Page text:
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Censorship challenged in CO DOC
Eight publishers, the Association of Alternative Newsweeklies, and seven Colorado prisoners have filed suit in Federal District Court challenging the Colorado Department of Corrections (CDOC) Administrative Regulation (AR) 300-26 governing prisoner reading material. Over the past three years the prisoners, housed in various CDOC facilities, have had numerous magazines and books censored and declared contraband with little or no effective recourse.
The publishers and their censored publications include New Times, Inc. and the Association of Alternative Newsweeklies (Westword), Dark Night Press (Dark Night Field Notes), Clay Douglas (Free American), Larry Rice (Cry Justice Now), Doret Kollerer (North Coast Xpress), Maoist International Movement (MIM Notes), the Barrio Defense Committee (Voz Del Barrio Aztlan), and Christine Donner (Shut Them Down). Christine Donner is also the coordinator of the Prisoner's Rights Project of the Rocky Mountain Peace and Justice Center.
In addition to the eight publications of the plaintiff publishers, other censored publications identified in the complaint include 11 magazines: Rolling Stone, VIBE, Lowrider and Lowrider Arte, The Source, Blaze, Yo, Scenario, Aerosol Art, Voz Fronteriza, and Drama Script Review. Six books were identified, including: The Hidden Faces of Eve, Like Water for Chocolate, Criminal Injustice: Confronting the Prison Crisis, A Nahuati-English Dictionary and Concordance to the Cantatas Mexicanos, The Gathering Storm: America's Militia Threat (by the founder of the Southern Poverty Law Center), and even Signed English: A Basic Guide (so a prisoner could learn to communicate with a hearing-impaired visitor). These are just examples of wide-spread censorship in flagrant disregard of prisoners' constitutional rights.
The plaintiff's §1983 constitutional law claims include three First Amendment challenges for (1) a vague and overbroad regulation, (2) improper censorship against the publishers, and (3) improper censorship against the prisoners. Two Fourteenth Amendment challenges include (1) Due Process for the publishers and (2) Due Process for the prisoners.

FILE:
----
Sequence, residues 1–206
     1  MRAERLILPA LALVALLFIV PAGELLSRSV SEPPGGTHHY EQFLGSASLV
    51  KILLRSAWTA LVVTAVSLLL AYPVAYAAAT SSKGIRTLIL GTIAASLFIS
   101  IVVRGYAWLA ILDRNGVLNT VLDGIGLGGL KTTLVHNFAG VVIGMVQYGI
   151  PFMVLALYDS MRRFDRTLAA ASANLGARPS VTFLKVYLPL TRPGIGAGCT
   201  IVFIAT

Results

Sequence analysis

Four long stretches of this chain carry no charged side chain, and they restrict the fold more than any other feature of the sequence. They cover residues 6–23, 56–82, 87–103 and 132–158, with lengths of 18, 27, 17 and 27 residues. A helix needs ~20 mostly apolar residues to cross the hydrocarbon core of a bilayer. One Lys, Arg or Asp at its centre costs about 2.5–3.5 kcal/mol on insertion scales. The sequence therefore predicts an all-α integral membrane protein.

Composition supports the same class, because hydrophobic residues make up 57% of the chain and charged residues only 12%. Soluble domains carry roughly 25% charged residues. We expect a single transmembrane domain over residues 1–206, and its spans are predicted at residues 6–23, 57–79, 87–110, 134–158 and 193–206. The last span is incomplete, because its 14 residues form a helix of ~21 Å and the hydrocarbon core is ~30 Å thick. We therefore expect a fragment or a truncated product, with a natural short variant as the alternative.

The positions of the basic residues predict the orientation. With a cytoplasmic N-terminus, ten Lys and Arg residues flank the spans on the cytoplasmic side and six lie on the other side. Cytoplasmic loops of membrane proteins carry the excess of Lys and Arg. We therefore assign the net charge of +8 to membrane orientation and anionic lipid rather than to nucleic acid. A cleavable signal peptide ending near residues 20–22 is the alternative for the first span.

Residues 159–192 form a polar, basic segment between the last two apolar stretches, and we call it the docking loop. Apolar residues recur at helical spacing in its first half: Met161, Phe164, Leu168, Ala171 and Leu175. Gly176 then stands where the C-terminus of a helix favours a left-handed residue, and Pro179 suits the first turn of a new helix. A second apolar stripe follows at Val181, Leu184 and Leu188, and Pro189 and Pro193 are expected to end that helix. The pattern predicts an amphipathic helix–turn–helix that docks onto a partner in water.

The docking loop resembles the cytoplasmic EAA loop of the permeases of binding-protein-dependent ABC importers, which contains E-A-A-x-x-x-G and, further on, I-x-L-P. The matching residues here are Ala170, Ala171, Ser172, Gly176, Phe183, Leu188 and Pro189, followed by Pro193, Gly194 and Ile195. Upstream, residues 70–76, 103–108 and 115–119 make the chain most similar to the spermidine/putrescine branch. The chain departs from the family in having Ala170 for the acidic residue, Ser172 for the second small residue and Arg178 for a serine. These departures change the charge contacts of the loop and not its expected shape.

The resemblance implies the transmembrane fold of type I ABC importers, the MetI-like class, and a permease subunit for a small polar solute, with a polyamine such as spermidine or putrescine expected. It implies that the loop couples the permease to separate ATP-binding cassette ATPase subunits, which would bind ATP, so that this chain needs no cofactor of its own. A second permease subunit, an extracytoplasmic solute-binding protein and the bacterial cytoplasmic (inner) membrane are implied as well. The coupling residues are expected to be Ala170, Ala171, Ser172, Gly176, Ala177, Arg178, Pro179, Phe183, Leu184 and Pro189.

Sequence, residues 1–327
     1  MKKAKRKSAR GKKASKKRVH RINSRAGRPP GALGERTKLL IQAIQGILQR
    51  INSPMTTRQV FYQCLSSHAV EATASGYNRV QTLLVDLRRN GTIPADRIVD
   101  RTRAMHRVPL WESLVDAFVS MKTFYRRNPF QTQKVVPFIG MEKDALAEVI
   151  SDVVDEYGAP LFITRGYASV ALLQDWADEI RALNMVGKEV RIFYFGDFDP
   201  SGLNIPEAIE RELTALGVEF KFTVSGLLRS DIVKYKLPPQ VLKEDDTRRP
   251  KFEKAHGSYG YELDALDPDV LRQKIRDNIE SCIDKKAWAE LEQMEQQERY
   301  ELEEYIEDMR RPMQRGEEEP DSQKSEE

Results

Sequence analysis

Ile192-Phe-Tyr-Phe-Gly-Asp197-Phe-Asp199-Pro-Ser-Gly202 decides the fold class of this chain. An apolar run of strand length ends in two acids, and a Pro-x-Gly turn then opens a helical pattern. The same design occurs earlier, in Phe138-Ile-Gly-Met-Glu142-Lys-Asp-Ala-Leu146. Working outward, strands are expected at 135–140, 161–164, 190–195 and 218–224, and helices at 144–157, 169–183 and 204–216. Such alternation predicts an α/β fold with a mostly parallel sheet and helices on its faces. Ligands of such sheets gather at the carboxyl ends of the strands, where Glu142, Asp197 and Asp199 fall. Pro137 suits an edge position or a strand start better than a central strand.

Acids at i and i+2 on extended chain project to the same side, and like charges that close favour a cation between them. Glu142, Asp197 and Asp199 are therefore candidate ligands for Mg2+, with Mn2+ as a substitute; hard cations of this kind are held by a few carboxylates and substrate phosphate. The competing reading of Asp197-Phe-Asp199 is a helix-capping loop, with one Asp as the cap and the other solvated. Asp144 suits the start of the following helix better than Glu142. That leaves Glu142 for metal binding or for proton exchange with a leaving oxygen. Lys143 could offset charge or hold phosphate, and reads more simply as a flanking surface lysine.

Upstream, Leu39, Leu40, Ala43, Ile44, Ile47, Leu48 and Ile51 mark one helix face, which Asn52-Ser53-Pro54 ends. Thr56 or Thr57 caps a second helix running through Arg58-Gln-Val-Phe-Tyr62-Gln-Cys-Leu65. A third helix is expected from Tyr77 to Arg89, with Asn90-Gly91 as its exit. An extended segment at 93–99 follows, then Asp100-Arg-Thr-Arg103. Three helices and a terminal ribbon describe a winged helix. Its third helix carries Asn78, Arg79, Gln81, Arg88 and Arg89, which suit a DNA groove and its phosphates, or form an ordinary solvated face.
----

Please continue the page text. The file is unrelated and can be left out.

According to the Complaint, the CDOC has arbitrarily and unjustifiably censored this reading material on the basis of criteria that are overbroad, subjective, and vague. The publishers are not notified and the only due process afforded the prisoners is the inmate grievance system, if they are even notified of the censorship. The grievance system in this instance also deprives the prisoners of due process since the CDOC "does not require the censors to identify the articles or information which they believe threaten institutional security." Even the officials responding to the grievances do so without the benefit of the censored material which is usually destroyed or mailed out before the grievance process can run its course.
Commenting on some of this material, the Colorado ACLU Director, Mark Silverstein, says the "censorship of these music magazines reflects racist paranoia." He says that some CDOC censors "apparently see 'gang signs' in every photo in which the hands of an AfricanAmerican performer are visible." After reviewing the censored issues of Westword, Patricia Calhoun, editor of Westword, says "the issues that seemed to have the biggest trouble getting through to the prisoners were the issues in which we wrote about the prisons, problems at the prisons."
The complaint seeks a declaratory judgment of unconstitutionality, an injunction against the challenged practices, and attorney fees. See: New Times Inc. v. Suthers, USDC D CO. Case No. 00-WM-612.
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Related legal case
New Times Inc. v. Suthers
|Cite||USDC D CO. Case No. 00-WM-612|